- 1 Operational and Tax Aspects: Tenancies in Common as a Way to Invest in Real Estate
- 2 Advantages of Tenancies in Common
- 3 Why Not Form a Limited Liability Partnership?
- 4 How Do You Form a Tenancy in Common?
- 5 What Can Buyers Interested in a Tenancy in Common Do?
- 6 The Tenancy in Common Agreement
- 7 Determination of the Shares of Ownership in a Tenancy in Common
- 8 Financing Tenancies in Common
- 9 Operational Aspects
- 10 Real Estate Taxes
- 11 Individual Expenses and Shared Expenses
- 12 Decision-Making and Administration in a Tenancy in Common
- 13 Tax Aspects
- 14 Deductions
- 15 Exclusion of Gain on the Sale of a Home
- 16 Capital Gain
- 17 Section 1031 Exchange
In a tenancy in common, each co-owner owns a percentage of the overall real estate property and participates in the management of the property. The co-owners can sell their individual shares of ownership in the property, and are entitled to certain tax benefits.
Tenancies in common are arrangements in which two or more persons are co-owners of a real estate property. This arrangement allows them to be able to invest in property, not as limited partners or as a legal entity, but rather as individual owners.
Operational and Tax Aspects: Tenancies in Common as a Way to Invest in Real Estate
Tenancy in common is an alternative to individual investment in a property. The co-owners in a tenancy in common are owners of a percentage of the entire property, rather than specific units or apartments, and their deeds show only their percentages of ownership. This type of arrangement offers various advantages.
- Co-owners can pool their resources and buy bigger properties with a tenancy in common.
- The tenancy in common agreement should cover all issues that could arise.
- Co-owners can take deductions for interest, taxes, depreciation, and other expenses.
Advantages of Tenancies in Common
The co-owners can combine their resources and therefore have the capacity to purchase properties that they would not be able to purchase individually. Fractional ownership in tenancies in common offers the possibility of diversifying real estate investments in more than one property, even in different parts of the country.
The co-owners control the property themselves, and do not depend on a third party to manage the property. The income generated by the property, and the expenses incurred in its management are transferred to the co-owners based on their percentages of ownership. The individual co-owners can claim tax deductions for the interest, taxes, depreciation, and other expenses related to the property, according to their percentages of ownership.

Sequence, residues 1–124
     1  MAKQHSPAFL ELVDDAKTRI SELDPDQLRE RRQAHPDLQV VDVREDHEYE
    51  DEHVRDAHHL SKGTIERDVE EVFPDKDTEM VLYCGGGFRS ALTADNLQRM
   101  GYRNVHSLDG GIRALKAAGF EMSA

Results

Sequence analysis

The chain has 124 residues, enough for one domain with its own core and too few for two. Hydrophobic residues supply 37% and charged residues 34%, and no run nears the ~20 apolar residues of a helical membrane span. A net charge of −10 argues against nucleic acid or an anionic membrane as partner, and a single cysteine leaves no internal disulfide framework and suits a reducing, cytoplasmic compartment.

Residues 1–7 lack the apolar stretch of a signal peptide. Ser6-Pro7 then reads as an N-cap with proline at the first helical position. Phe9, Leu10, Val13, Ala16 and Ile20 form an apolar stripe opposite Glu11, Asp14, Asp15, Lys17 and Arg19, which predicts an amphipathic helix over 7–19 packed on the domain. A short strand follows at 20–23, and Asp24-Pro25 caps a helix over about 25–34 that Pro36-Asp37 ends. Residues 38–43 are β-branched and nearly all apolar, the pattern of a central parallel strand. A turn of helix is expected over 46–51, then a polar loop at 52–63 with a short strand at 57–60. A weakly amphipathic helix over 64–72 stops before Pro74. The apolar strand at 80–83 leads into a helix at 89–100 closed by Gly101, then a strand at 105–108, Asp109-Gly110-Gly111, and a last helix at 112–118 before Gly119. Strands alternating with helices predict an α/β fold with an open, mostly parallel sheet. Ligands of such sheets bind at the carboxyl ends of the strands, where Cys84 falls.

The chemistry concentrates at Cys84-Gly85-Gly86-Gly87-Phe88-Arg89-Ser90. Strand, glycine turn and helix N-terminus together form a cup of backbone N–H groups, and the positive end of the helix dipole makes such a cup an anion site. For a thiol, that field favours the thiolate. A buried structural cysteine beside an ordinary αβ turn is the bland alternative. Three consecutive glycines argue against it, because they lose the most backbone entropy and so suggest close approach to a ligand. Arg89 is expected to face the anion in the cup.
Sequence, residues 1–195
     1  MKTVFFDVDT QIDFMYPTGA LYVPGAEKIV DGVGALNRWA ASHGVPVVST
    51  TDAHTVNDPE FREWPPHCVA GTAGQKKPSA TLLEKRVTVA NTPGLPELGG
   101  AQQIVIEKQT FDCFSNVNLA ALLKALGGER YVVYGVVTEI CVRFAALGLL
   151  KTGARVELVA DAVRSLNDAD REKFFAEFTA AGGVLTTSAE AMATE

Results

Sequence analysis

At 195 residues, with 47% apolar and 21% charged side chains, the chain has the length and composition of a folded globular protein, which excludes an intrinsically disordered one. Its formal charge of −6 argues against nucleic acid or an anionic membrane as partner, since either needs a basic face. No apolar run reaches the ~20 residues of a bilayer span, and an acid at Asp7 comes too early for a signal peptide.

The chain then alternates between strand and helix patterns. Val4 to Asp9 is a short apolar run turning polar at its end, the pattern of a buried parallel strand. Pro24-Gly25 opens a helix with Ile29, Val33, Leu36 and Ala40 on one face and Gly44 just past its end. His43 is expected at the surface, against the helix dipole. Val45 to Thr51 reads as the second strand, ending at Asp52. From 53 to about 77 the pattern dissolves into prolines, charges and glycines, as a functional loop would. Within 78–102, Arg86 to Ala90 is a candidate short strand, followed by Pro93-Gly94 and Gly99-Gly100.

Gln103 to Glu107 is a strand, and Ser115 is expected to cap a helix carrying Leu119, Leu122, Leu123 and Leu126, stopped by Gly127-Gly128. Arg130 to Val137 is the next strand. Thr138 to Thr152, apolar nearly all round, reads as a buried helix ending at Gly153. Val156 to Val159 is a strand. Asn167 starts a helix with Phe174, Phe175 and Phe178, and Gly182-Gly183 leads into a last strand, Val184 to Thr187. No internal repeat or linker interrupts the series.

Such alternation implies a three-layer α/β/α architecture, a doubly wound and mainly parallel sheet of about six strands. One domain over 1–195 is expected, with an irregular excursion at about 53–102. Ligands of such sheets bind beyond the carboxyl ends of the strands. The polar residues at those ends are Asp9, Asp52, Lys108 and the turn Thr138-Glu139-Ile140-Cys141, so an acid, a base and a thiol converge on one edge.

The co-owners retain the right to sell their percentages of ownership at any time. Any of the co-owners can sell their share and pay tax on the capital gain, or can defer the tax by carrying out an exchange according to section 1031 of the tax code, and reinvesting the proceeds.
A tenancy in common is distinguished from a joint tenancy in that there is no right of survivorship. The co-owners can choose who will inherit their shares of ownership in the property in the event of their death. The heir becomes a co-owner, together with the original co-owners. On the contrary, in a joint tenancy the ownership share of a co-owner who dies passes to the other co-owners.
Why Not Form a Limited Liability Partnership?
Limited liability partnerships and corporations are legal entities that offer certain advantages compared with fractional ownership arrangements, such as tenancies in common, but for tax purposes, the partners or shareholders in these entities are not considered to be owners of the real property itself, and therefore cannot claim all the tax benefits corresponding to ownership of real property, such as deductions for mortgage interest and property taxes on the real property, and the right to claim an exclusion of up to $250,000 ($500,000 for married taxpayers who file a joint return) of the gain on the sale of a home.
Did You Know?
Modern law that governs real estate in the United States has evolved from the feudal system of landholdings in England.
How Do You Form a Tenancy in Common?
In many cases, tenancies in common are formed when the seller of a property or the real estate agent decides to sell the property as a tenancy in common. In this case, the seller or agent develops the structure and the tenancy in common agreement prior to offering the property for sale on the market. Each buyer has the chance to review and approve the agreement before committing to buy a share of ownership.